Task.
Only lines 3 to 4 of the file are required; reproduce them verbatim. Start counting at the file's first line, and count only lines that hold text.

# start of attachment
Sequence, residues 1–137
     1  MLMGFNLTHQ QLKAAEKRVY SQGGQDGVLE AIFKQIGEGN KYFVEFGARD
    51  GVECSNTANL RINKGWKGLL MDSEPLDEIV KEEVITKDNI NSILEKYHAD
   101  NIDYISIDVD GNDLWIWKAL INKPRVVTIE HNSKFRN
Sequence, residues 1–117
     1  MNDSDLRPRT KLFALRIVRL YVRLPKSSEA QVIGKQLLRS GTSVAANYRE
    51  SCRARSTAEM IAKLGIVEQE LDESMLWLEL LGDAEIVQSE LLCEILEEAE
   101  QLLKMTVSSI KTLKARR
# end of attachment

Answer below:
    51  GVECSNTANL RINKGWKGLL MDSEPLDEIV KEEVITKDNI NSILEKYHAD
   101  NIDYISIDVD GNDLWIWKAL INKPRVVTIE HNSKFRN